What do I do if my freelancer’s gone AWOL?

Your follow-up email didn’t get answered. Neither did the follow-up to the follow-up. As time creeps on, you start to feel like you must have done something wrong. Maybe the editor doesn’t like your post. Maybe they’ll never speak to you again. Maybe you won’t get paid, either.

The tension’s killing you. All you want to know is what happened?pexels-photo-large

And right now, only your editor knows the answer. But they’re not talking –at least, not to you– so it’s up to you to find out. Here’s how to cope when your freelancer goes AWOL:

Check for signs of life

Check to see if the freelancer is tweeting or posting on Facebook regularly. If they’re posting fresh updates, then they’re still out there somewhere within reach of an internet connection.

Ask yourself these questions:

  • Have they changed email addresses? – do you get any auto response emails like “we’ve received your message and will get back to you”, or do you just get dead silence?
  • Not to be condescending, but have you double-checked the spelling of the email address?
  • If your emails have been caught by a spam filter, might they not have seen your emails?

Connect on a different medium

I’m praying to all the gods that you get full contact information for all your clients as soon as you start discussing a project. If you already did, great! Pick up the phone and give them a call.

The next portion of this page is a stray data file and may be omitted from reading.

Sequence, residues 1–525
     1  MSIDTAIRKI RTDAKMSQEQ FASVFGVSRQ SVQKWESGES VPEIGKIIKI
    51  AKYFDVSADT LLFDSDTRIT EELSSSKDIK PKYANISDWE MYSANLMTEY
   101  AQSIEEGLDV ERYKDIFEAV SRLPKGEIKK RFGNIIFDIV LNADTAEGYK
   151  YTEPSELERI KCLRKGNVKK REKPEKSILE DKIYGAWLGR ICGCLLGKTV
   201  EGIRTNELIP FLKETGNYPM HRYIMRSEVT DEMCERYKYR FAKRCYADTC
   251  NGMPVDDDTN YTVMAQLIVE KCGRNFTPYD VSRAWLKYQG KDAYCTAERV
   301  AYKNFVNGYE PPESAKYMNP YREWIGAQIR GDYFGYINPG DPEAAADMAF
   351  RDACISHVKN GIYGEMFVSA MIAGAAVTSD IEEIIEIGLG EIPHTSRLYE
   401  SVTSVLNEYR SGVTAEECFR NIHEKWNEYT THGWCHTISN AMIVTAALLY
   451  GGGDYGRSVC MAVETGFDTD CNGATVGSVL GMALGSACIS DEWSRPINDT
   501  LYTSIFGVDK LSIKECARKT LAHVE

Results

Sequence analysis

But if you didn’t, Google is your friend. Try to get a phone number for your editor, or for someone –anyone!– in the same company who might be able to tell you the best number to use.

If you can’t find any phone numbers, or you’re simply too chicken to use them, search out any other way you can contact your editor:

  • LinkedIn is good. Connect with your editor if you haven’t already, and send them a message.
  • A second email address might help, but it might be one that’s rarely checked, so don’t rely on it to save the day.
  • Facebook, Twitter and Google+ aren’t so useful because you have to either send a public message (which isn’t professional unless you word it *very* tactfully) or send it privately and risk it never being seen (a lot of people, including me, don’t check their private messages on social networks very often).
  • Snail mail isn’t dead yet. Some people pay more attention to a piece of paper in an envelope than they do to email, so it’s worth trying if you’ve got a postal address for your editor.

Forget Emotions and Follow Facts

Don’t give up straight away just because your follow ups were ignored.

Ask a ‘no’ question

It might seem counter-intuitive but asking a questions which forces them to answer with a ‘no’ can be a really effective way to get a response.

Get someone to fight your corner.

When all else fails get someone to fight your corner and contact the freelancer on your behalf.

Move on

Although you should be persistent you also shouldn’t wait for a response forever. Then you need to start looking for another freelancer to complete the project. Even if it’s not an urgent project, don’t let them going AWOL put you off finding a freelancer to complete the project.


Joe Scarffe

Joe Scarffe

Joe is the CMO at Twine.

When he’s not moaning about the state of the music industry or public transport in Manchester, he works with the Twine community and handles social media, the blog and partnerships with companies and institutions.

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